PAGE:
Caverns on the Moon and Mars can offer enough space, protection against cosmic radiation and stable temperatures for astronaut bases, a recent study suggests.
New research compared hundreds of underground formations on Earth, the Moon and Mars. While on our planet the diameter of lava tunnels typically ranges from 10 to 30 metres, some of these features could reach more than 800 meters in diameter under the surface of the Moon – enough space to host a human colony.
Lava tubes on Mars and the Moon turned out to be 100 to 1000 times larger than those on Earth.
“Martian and lunar caves greatly differ in environmental conditions and gravity, which affects their size and stability. However, their formation and environment have more in common than you might think,” says Francesco Sauro, technical course director of ESA’s CAVES training programme and Professor of Planetary Geology at the University of Bologna, Italy.
Lava tubes form when the surface of a lava stream cools and hardens, creating a tunnel through which hot lava flows, or when lava cracks its way through the underground. After the volcanic activity stops, the tunnels remain empty, leaving different-sized caves along its way.
“They become doorways to the underworld,” says Francesco.
Size and gravity matters
These formations have been extensively explored on Earth, but not much is known about similar structures on the Moon and Mars.
The study dived into digital scans of lava tubes in Spain’s Canary Islands, Iceland, Hawaii and Australia to compare.
Researchers used computer terrain models to measure the size and morphology of lunar and martian caves whose roofs have collapsed. Combining satellite images and altimetry data of our neighbouring celestial bodies, they compared their dimensions with similar volcanic tunels on Earth.
“Martian and lunar lava tubes are so huge that they could contain the entire centre of a medium-sized city. On the Moon their volume can exceed one billion cubic metres, up to one kilometer in diameter or as wide as Central Park in New York,” says co-author Riccardo Pozzobon. “Despite its impressive size they remain stable and most of them are still intact,” he adds.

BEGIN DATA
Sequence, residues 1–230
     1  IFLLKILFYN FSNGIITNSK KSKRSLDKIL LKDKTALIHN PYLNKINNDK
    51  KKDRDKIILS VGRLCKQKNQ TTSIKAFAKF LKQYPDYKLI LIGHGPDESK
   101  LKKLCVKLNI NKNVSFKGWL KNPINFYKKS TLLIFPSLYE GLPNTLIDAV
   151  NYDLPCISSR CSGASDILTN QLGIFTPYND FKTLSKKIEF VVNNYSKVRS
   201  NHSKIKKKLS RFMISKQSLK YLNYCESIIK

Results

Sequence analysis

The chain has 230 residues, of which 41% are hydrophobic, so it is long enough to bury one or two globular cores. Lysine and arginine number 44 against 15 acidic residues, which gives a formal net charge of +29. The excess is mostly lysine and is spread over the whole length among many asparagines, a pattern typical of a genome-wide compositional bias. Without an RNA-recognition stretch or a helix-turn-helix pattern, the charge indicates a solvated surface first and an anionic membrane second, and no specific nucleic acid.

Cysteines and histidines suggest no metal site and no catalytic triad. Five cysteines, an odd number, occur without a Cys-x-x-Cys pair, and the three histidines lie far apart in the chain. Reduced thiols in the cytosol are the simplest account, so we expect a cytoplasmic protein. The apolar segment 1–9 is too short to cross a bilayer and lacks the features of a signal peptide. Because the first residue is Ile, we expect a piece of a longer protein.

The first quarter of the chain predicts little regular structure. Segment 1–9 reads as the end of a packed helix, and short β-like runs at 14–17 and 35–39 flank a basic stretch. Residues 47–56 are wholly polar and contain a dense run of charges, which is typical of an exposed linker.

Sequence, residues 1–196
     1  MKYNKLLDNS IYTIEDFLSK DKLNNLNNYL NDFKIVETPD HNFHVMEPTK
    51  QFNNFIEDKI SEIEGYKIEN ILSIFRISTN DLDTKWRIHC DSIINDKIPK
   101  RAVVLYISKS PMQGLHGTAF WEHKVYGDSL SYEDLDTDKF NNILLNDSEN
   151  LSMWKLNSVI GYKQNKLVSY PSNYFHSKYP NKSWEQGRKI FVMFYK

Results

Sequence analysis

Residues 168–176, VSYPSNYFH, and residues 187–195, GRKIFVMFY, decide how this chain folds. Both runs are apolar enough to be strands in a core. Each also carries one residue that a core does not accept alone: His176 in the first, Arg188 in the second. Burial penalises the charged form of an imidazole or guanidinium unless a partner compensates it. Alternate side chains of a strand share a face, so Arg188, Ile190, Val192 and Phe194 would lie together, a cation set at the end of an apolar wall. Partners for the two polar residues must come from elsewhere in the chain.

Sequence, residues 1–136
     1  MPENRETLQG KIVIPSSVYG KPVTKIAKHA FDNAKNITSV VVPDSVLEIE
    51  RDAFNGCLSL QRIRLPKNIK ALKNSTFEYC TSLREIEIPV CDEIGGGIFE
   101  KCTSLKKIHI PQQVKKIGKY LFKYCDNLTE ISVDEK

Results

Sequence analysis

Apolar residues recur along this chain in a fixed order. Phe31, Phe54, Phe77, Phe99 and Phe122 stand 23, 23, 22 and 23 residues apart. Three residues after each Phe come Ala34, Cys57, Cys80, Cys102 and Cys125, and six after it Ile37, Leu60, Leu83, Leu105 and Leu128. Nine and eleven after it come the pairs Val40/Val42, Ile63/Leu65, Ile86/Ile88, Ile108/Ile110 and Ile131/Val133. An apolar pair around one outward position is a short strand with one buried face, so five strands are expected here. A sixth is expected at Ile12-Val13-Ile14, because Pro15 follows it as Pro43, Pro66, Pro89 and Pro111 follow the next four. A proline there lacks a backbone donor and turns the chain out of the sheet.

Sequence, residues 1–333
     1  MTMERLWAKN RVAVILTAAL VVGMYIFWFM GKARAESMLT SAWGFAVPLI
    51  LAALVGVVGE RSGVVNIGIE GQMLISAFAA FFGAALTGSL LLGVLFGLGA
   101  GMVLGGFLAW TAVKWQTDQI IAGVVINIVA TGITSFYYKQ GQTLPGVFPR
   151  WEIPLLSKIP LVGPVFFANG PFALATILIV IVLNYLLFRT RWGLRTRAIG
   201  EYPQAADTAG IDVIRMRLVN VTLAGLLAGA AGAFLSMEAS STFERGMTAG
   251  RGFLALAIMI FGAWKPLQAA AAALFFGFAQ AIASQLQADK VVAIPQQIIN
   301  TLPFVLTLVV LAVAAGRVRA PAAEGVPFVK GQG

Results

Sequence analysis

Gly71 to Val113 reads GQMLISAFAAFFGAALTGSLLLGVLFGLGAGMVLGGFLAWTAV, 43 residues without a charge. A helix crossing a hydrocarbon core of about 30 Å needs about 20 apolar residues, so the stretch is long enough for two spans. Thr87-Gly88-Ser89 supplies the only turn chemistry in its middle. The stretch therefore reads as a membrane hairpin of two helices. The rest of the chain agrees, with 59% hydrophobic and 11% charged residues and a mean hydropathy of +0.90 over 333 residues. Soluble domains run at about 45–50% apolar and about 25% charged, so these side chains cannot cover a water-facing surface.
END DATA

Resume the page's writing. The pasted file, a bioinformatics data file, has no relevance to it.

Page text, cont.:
The low gravity explains their enormous dimensions and the fact that the majority of caves studied have not collapsed.
The research also reveals that the Moon is likely to contain many voids under the surface. “The Moon is a great target for underground exploration,” says Francesco, who longs to unveil the geological secrets of our natural satellite.
On Mars, where gravity is about one third of Earth’s, lava tube tubes seem to be smaller – though still bigger than on our planet – and suffer more from collapses. “But there could still be feasible shelters for us on the Red Planet,” says Riccardo.
Protection for a human settlement
One of the biggest challenges when it comes to creating settlements on other planets is building a safe space to live. Whether it’s on Mars or on the Moon, space settlers will have to live, work and sleep in an environment of extreme temperatures, without oxygen, while being bombarded with radiation and micrometeorites.
Lava tubes could be turned into well-protected habitats. Like on Earth, temperatures inside the caves hardly vary between day and night and their roofs shield against the harmful cosmic and solar radiation and the impact of small meteorites hitting the surface.
As promising as this comparative analysis is, more direct evidence is needed. Future human and robotic missions exploring lava tubes will pave the way for safe habitats.
- Read more: “Lava tubes on Earth, Moon and Mars: A review on their size and morphology revealed by comparative planetology,” Earth-Science Reviews.